Ukraine’s Uncertain Future
A new East-West divide threatens Ukraine’s future.
January 2, 2015
After a year of conflict, where does the confrontation over Ukraine between Russia and the West now stand? Who has won so far – and who has lost?
The situation remains complex not least from a Western Europe point of view because Mr. Putin has not defined exactly what his objectives are.
That could be seen as a good strategy, given that so far the West appears to have retreated on most of the main issues.
The European context
First, the international community – which means in this case mainly the European Union, and within the EU, Germany – will pay the Ukrainian debts for past supplies of Russian gas in order to keep supplies coming through the winter.
Second, Russia will continue to supply Western Europe with gas because it is in the immediate interests of both that the trade continues. Russia needs the revenues, particularly since oil prices are so low. Europe, especially Germany, needs the gas, which could not easily be substituted.
Third, Russia is entrenched in Crimea – defined by President Putin as Russia’s equivalent of Jerusalem — and will not be moving anytime soon. Russia also remains in effective control – short of military occupation – of Eastern Ukraine. The facts on the ground are becoming very firm and hard to change.
Fourth and more negative for Russia, recent events have reminded the Europeans of their dependence on Russian gas, which provides one-third of total supply and 100% of gas needs in some Eastern European countries.
The European Union is preparing – in its slow, methodical but ultimately effective way – to diversify supply and reduce gas use. Dependence on Russia could fall by one-third within five years. That is why Russia is diversifying its gas trade to Asia – a perfectly rational commercial step considering the circumstances.
Fifth, Russia continues to divide opinion within Europe. A strong group of the friends of Russia remains entrenched in Germany, although they are under far more political pressure now.
In addition, groups in Hungary and Bulgaria believe that heavy-handed European sanctions against Moscow have led to the decision to abandon the proposed South Stream gas pipeline, which would have brought more Russian gas into Europe.
Instead, Russia will develop the gas trade through Turkey, which could over time give them a dominant role in the Mediterranean market.
To sum up, Russia’s strong trade links with Europe, built over the last 25 years, are fraying. Russia seems happy to look East rather than West, which — given the miserable state of the European economy — might make a lot of sense.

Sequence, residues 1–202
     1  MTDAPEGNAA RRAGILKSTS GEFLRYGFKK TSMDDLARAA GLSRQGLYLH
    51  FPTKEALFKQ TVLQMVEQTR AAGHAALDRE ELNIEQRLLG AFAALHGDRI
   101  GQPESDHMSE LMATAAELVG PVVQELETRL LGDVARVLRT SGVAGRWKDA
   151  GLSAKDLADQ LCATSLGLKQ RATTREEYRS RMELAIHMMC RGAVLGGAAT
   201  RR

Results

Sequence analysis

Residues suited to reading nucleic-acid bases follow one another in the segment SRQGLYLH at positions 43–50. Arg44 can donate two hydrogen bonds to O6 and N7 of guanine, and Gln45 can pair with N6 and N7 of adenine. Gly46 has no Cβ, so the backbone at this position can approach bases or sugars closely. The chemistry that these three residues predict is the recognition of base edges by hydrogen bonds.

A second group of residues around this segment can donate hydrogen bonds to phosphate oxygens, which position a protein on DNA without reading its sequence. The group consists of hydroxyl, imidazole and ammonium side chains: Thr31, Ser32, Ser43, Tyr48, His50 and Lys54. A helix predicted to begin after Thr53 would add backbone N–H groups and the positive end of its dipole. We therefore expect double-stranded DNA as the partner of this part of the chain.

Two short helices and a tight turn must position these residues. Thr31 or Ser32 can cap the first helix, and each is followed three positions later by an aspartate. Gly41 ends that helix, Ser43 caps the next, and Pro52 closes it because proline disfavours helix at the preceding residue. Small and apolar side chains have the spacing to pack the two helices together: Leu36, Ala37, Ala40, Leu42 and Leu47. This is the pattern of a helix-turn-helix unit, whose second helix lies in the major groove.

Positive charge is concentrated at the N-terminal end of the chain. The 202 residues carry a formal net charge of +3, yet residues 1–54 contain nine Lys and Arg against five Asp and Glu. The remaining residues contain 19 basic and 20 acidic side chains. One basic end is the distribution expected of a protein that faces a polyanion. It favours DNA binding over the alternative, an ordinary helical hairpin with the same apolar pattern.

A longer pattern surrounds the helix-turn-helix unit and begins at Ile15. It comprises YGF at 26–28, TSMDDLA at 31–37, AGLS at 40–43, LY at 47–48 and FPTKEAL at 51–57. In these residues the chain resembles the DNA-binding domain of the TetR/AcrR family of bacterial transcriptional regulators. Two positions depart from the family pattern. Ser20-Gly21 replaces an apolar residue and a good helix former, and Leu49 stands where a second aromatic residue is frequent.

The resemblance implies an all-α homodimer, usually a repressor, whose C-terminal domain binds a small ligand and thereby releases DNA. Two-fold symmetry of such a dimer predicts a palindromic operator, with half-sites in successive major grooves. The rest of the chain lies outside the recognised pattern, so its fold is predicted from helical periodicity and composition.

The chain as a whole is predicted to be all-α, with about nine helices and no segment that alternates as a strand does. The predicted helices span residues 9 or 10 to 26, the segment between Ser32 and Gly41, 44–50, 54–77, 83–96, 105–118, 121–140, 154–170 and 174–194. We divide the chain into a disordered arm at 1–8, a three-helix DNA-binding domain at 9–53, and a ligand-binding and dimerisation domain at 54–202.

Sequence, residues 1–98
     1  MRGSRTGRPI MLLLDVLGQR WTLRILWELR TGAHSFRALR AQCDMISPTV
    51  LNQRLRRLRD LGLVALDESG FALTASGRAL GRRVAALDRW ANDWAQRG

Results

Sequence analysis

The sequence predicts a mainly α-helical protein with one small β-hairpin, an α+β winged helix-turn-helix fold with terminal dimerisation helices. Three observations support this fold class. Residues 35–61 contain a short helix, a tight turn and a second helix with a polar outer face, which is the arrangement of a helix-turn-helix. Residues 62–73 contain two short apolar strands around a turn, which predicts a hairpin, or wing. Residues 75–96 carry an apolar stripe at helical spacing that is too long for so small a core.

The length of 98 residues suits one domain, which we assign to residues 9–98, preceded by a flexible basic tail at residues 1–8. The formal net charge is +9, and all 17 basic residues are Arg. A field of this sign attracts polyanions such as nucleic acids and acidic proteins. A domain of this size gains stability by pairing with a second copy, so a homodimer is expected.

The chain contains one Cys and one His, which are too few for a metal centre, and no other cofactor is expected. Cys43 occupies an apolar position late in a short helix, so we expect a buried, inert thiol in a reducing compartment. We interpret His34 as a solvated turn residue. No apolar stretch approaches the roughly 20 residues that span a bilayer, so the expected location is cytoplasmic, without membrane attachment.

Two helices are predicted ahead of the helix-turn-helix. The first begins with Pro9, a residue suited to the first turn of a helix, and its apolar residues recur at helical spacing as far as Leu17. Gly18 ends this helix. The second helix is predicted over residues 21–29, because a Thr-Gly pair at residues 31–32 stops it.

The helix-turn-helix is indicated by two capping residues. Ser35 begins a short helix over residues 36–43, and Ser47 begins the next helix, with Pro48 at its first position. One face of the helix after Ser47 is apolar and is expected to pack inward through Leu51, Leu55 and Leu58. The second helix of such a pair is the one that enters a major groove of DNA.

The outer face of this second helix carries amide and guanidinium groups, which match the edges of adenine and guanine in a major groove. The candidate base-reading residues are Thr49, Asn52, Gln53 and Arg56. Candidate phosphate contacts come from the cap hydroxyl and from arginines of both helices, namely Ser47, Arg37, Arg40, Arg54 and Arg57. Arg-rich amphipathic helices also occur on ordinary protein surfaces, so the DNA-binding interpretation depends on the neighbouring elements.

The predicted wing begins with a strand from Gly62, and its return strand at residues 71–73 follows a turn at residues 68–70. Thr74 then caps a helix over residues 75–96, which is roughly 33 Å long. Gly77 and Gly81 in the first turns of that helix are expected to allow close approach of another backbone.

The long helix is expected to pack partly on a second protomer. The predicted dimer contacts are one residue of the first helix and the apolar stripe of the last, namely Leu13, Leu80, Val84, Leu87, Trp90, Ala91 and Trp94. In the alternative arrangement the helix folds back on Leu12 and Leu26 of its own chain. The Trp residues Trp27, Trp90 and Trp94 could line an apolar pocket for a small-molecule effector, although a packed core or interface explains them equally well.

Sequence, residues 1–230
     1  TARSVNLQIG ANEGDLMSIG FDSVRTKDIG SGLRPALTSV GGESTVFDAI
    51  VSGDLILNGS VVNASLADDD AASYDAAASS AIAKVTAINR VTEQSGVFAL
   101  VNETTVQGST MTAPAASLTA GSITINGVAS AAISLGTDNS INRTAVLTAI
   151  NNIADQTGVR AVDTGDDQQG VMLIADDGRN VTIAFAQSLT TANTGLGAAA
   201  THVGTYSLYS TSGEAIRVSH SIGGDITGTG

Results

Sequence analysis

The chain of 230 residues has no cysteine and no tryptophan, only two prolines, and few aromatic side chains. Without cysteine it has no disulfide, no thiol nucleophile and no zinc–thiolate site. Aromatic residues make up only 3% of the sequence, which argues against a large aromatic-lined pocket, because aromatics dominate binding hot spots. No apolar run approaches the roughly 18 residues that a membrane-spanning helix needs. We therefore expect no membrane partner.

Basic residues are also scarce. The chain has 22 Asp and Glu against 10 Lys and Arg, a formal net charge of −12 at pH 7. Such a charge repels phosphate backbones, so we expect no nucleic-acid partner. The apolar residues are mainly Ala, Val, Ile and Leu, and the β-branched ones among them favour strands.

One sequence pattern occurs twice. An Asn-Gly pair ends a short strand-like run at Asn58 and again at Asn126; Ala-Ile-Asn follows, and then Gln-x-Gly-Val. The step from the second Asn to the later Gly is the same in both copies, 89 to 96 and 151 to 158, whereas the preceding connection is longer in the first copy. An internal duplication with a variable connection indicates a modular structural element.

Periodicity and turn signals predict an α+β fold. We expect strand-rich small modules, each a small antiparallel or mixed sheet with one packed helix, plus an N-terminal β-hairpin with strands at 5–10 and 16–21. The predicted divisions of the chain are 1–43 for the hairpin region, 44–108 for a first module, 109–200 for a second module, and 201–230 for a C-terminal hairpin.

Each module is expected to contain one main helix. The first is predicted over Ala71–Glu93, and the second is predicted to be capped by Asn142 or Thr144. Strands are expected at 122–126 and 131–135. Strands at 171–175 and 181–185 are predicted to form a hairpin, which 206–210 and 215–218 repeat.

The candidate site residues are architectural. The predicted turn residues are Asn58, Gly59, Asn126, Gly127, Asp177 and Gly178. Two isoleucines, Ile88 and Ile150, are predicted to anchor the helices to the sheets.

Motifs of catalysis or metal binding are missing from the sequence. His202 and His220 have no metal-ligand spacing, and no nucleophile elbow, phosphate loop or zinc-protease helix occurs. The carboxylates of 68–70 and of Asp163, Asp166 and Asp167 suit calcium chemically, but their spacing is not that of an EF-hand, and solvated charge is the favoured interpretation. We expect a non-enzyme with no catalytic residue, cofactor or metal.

What is in store for Ukraine?
But what of Ukraine? It is clear now that Ukraine’s aspirations to join the EU – the issue which started the protest a year ago – are dead in the water. Ukraine will not become a member of NATO, or the EU, or any other Western body.
The sense of weariness with the issue in Berlin, Paris and London is overwhelming. Mr. Putin is unloved and regarded as potentially dangerous — hence the escalation of NATO activity in Eastern Europe. But no one wants to take on responsibility for the expensive, unmanageable and, in the view of many, fundamentally corrupt state of Ukraine.
By accident rather than design, a new buffer zone between East and West has been created. The existence of the zone is a reminder that the differences between the two sides have not been closed, even after 25 years of peaceful coexistence since the Berlin Wall fell.
There is no trust. The existing commercial links between Russia and Europe will decline rather than grow. Both sides live in a form of frozen peace, lying somewhere short of open conflict.
The wider and more important issue, however, is whether Russia itself is stable in a world where the price of its main export commodity has fallen by 40% in four months. That is the main story to watch in 2015.
It is clear now that Ukraine's aspirations to join the EU are dead in the water.
After a year of conflict, where does the confrontation over Ukraine between Russia and the West stand now?
The sense of weariness with the Ukraine issue in Berlin, Paris and London is overwhelming.
EU dependence on Russian gas could fall by one-third in five years.
Russia’s strong trade links with Europe, built over the last 25 years, are fraying.
By accident rather than by design, a new buffer zone has been created between the East and the West.
Russia and Europe live in a frozen form of peace, lying somewhere short of open conflict.